Friday, January 24, 2014

Since when is “productive” fun?


When it comes to stroke recovery, no clinician, no matter how skilled, can "do it for them." Recovery from stroke is dependent on repetitive and demanding practice by the owner of the damaged nervous system—the survivor. If done correctly repetitive and demanding practice drives cortical plasticity ("brain rewiring") robustly enough to be evident in increased quality of movement. 
But this sort of repetitive practice is boring! Repetitive practice does not necessarily involve functional activity. For example, a clinician, seeing a deficit in the last 15 or 20° of dorsiflexion, may have the patient repetitively practice dorsiflexion, irrespective of ambulation. At least in that example the end goal, whether it's stated or not, is obvious; walking. In the upper extremity repetitive practice of single joint movements may or may not relate to any particular everyday activity. Instead repetitive practice may be used just to increase active range of motion in those joints. Because it does not involve anything functional, repetitive practice can be inherently boring.  And what makes it even more boring is that stroke survivors aren't even working on anything novel; there relearning movement that they used to do perfectly well. So where's the motivation? 
The motivation ends up being a conjuring. Some of this motivation may come from the minds of clinicians. OTs, PTs and speech therapists should try to make repetitive practice as interesting as possible. But some of this motivation comes from the survivor. The survivor needs the imagination enough to understand how this hard and boring work will help realize potential.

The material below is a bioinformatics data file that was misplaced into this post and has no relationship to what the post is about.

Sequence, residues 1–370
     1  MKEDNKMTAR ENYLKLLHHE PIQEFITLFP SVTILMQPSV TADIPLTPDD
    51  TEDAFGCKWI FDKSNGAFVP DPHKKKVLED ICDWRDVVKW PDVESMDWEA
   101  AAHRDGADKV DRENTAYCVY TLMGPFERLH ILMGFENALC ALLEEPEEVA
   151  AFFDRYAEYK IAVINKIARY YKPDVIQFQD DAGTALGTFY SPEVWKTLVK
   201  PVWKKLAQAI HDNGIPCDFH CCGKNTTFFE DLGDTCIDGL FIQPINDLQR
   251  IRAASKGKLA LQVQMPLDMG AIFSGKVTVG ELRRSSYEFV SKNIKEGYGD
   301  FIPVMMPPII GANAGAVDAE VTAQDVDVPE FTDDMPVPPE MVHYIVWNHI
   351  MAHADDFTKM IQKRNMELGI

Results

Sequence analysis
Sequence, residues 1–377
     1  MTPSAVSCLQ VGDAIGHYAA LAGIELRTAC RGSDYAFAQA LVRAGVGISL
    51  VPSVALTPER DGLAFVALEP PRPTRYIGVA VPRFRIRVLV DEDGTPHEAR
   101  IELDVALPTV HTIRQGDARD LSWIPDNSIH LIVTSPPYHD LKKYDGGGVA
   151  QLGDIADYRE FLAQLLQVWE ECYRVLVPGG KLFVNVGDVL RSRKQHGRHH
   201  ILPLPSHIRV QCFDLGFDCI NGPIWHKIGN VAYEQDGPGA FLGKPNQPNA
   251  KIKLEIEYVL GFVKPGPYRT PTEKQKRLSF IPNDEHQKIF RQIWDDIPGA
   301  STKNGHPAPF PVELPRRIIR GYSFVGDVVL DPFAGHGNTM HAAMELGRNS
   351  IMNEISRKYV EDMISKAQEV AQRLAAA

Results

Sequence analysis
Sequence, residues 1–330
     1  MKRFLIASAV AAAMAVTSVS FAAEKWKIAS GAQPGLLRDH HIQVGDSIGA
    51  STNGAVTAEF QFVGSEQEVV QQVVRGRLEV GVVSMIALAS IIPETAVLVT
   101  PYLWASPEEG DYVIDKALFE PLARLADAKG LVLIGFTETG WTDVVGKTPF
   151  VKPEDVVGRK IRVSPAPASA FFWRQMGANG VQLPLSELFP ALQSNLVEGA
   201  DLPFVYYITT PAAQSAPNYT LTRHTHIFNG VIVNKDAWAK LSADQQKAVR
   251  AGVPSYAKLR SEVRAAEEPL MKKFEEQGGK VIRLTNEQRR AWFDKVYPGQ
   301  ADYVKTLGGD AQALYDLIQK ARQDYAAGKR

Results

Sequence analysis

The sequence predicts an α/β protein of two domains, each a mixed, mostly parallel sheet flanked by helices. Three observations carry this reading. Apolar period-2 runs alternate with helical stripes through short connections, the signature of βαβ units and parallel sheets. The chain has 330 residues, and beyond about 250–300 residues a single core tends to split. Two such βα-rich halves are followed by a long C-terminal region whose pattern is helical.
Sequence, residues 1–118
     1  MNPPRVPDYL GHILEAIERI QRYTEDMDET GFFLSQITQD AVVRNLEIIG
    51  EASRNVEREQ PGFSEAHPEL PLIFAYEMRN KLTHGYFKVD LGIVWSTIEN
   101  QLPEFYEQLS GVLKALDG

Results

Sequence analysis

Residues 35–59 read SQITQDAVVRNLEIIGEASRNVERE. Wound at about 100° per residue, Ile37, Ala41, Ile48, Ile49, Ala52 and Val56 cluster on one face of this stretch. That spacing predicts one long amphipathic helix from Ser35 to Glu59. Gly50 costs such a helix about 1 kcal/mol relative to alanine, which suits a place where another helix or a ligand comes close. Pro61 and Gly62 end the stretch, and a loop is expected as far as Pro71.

2 comments:

Mike said...

Like in the workplace or school, a dumb, uninspired boss/ teacher with lazy workers/ students is a sure recipe for failure.Same with therapists & patients.My rehab hospita; was full of them; many patients stayed on their wheel chair after 3-5 years later. what can we do; this is the selfie,fastfood era. i give up!

Tamara said...

It's my motivation that keeps me going for almost 5 years now. I'm in stage 3 Brunnstrom now, so spasticity is high (and also painful in my case), but I keep going, because I read in your book I have to go through this awful stage to get better. There is also a clear mind-body link. My spasticity gets worse when I'm anxious. My theory is that my amygdala is in overdrive because of dysthymic disorder (mild depression), which also causes the fight or flight response. And that stress hormones are flooding my body, which causes irritability and pain. Fortunately I'm so exhausted at night, I have no trouble sleeping.

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